Visit surrounding towns and villages when staying at The Gables for a great day out.
Named after the HMS Arniston, a British troop ship that sank in 1815 killing more than 300 on board, Arniston is a beautiful little coastal fishing village with one of the longest beaches in Africa. Azure blue water, rocky coves and authentic fisherman cottages add to the magical beauty of this coastal jewel.
A stone’s throw from Franskraal and Gansbaai is the enchanting hamlet of Baardskeerdersbos, which is fast becoming a sought after haven for city slickers as a weekend getaway. Made up of a fascinating patchwork of rolling farmlands and small holdings with quaint homesteads, the hamlet has a fascinating history in terms of how it gained its name, which directly translated means Beard Shavers Bush!!!
A typical rural town with a large farming community known predominantly for farming with Merino sheep and wheat. Bredasdorp offers a fabulous day trip with several little speciality shops with pottery, antiques and local delicacies on offer. Not to be missed is the renowned Shipwreck Museum which is the only one of its kind in South Africa. The museum showcases an extensive collection of artifacts and furniture from ships wrecked along the coast. Audrey Blignault who was born in Bredasdorp has a room especially dedicated to her fine history as one of South Africa’s most prominent writers.
The Cape Agulhas region offers a veritable paradise of nature in all her glory, which will delight even the most discerning tourist, botanist, hiker, photographer, historian, bird watcher or angler.
The region is bordered by blue mountain ranges, set in undulating hills in a kaleidoscope of gold, green and brown, with endless beaches and dunes. Fragrances of fynbos merge with mountain and sea air.
De Kelders, the place that the Southern Right Whales call home! On the R43 beyond Stanford you will find a residential area called De Kelders. “De Kelders” is the Afrikaans name for The Caves. Numerous larger and smaller caves penetrate deep into the rock formations under the houses of De Kelders.
There is a great coffee shop and restaurant called Coffee on the Rocks, overlooking the bay. You will find it in Cliff Street. Just drive all the way down to the sea and turn right. It is truly unique and a good vantage point for whale watching!
Elim, long been declared a national monument is famous for its thatch roofed homes as are the thatchers from Elim who are sought after as masters of their fine craft. The quaint white washed cottages are painted each year before Easter as a tradition symbolizing purity and simplicity – integral to the lifestyle of the village people who live their lives close to their Church.
The picturesque town is one of the oldest surviving mission stations and is inhabited only by members of the Moravian Church.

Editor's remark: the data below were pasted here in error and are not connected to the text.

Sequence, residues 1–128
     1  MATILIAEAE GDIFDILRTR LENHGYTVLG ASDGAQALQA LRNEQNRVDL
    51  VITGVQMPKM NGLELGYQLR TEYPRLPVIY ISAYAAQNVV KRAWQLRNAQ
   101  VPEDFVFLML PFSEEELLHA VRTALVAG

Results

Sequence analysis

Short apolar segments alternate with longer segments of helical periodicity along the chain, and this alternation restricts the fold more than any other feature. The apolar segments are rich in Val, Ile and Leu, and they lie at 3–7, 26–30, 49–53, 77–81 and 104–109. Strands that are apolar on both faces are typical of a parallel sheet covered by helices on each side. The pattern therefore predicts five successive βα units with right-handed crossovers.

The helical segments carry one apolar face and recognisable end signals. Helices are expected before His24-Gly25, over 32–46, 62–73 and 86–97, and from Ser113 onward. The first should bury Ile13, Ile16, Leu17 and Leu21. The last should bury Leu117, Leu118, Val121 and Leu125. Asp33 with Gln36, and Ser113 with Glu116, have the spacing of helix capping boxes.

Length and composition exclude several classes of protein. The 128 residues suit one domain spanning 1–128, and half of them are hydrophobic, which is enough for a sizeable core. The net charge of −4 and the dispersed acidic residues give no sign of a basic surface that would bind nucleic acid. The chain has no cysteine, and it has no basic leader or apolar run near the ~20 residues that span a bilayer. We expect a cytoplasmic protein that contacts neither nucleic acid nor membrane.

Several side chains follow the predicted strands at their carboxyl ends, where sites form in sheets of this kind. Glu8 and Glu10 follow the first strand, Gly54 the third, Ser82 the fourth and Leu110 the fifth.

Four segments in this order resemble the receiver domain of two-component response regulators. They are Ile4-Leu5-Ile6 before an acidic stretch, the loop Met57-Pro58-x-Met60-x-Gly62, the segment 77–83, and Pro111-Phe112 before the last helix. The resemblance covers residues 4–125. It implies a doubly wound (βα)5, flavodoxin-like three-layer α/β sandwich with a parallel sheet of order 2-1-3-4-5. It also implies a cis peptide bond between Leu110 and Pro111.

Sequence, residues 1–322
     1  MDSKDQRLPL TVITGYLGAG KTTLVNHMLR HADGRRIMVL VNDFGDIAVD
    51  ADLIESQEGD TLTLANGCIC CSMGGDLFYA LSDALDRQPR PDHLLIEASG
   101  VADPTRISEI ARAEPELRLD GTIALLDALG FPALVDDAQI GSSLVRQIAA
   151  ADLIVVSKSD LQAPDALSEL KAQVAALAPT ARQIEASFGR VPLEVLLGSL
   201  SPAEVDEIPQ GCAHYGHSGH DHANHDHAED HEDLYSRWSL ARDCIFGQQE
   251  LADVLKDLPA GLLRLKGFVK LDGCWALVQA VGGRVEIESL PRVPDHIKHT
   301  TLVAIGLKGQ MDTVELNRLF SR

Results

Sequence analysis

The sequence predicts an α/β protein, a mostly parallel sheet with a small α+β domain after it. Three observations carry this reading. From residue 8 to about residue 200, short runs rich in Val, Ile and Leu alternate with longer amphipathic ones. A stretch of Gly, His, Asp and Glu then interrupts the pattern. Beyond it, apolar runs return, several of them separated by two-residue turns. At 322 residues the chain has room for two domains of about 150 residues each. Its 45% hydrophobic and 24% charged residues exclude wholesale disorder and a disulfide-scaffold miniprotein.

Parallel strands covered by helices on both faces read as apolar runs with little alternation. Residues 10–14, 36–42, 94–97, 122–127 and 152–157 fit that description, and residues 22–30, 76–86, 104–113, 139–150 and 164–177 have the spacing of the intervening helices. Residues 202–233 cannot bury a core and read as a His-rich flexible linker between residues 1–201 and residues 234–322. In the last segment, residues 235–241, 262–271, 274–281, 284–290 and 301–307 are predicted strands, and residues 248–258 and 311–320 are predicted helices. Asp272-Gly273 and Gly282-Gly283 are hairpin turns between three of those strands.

Gansbaai and Kleinbaai
Gansbaai, beyond De Kelders on the R43 (about a 35 minute drive from Hermanus.) There, depending on your nerves you can go boat based whale watching, scuba diving or shark cage diving.
There are 4x4 trips, plane trips, Danger Point lighthouse to visit and, to end the day, sundown boat trips. Gansbaai is named the Big2 town after the numerous Great White Sharks that cruise in the waters east of Danger Point peninsula and the many Southern Right Whales that hang out around the shores on the western side of Danger Point. Here you will find various restaurants and bars in and around Main Street and many arts and crafts shops. Don’t forget to visit the harbour.
The fishing village of Hawston is located between Fisherhaven and Onrus en route to Hermanus. Hawston was named after Charles Haw who settled in Caledon in June 1859 often visiting Hawston for vacations.
The village of Hawston is rich in traditional history and the locals are eager to share their beautiful beach and ocean's bountiful catch with visitors.
Hermanus was often referred to as the Riviera of the South in bygone days and for all intents and purposes, has maintained its status albeit with a modern fusion of luxury holiday homes dotting the pristine coastline, funky cafes, coffee shops and eateries overlooking Walker Bay, speciality shops to delight even the most selective shopper and craft markets to keep you busy for hours.
Probably best known for its renowned Cliff Paths which meander along the coastline, Hermanus has become a whale watchers paradise. Visitors come annually from far and wide to view one of nature's spectacular events when whales come close into Walker Bay to calve. Their antics will amuse you for hours on end, so be prepared. Pack a picnic or have lunch at one of the many little eateries along the magnificent coastline where the uninterrupted views of Walker Bay will ensure endless pleasure during Whale Season.
Napier, Cape Overberg: The town, named after the governor of the day, Sir George Napier, was founded 12 April 1838 when the first erven were sold. The town is central to a prosperous wheat and wool producing area in addition to producing large quantities of strawberries in summer.
Onrus is a typical laid-back holiday town and home to several famous artists and authors such as Jan Rabie, Elsa Joubert, Uys Krige, Gregoire Boonzaaier and Marjorie Wallace amongst others.
Situated approximately 45 minutes from Hermanus, this peaceful little town is still relatively undeveloped. Although the concentration of permanent residents is increasing, over half the houses still belong to holiday-makers.
Stanford, on the bank of the Klein River, must be one of the Western Cape’s best kept secrets. Stanford offers tranquility, scenery, river activities, brewery, cheese farm, winery, art gallery, shops of interest and restaurants.
As you turn into Stanford, turn immediately left into Daneel Street. On your right you will find Norfolk Square. The Maze Tea Room has a lovely tea garden for children. An inspiring stop, filled with all sorts of activities to keep your children busy!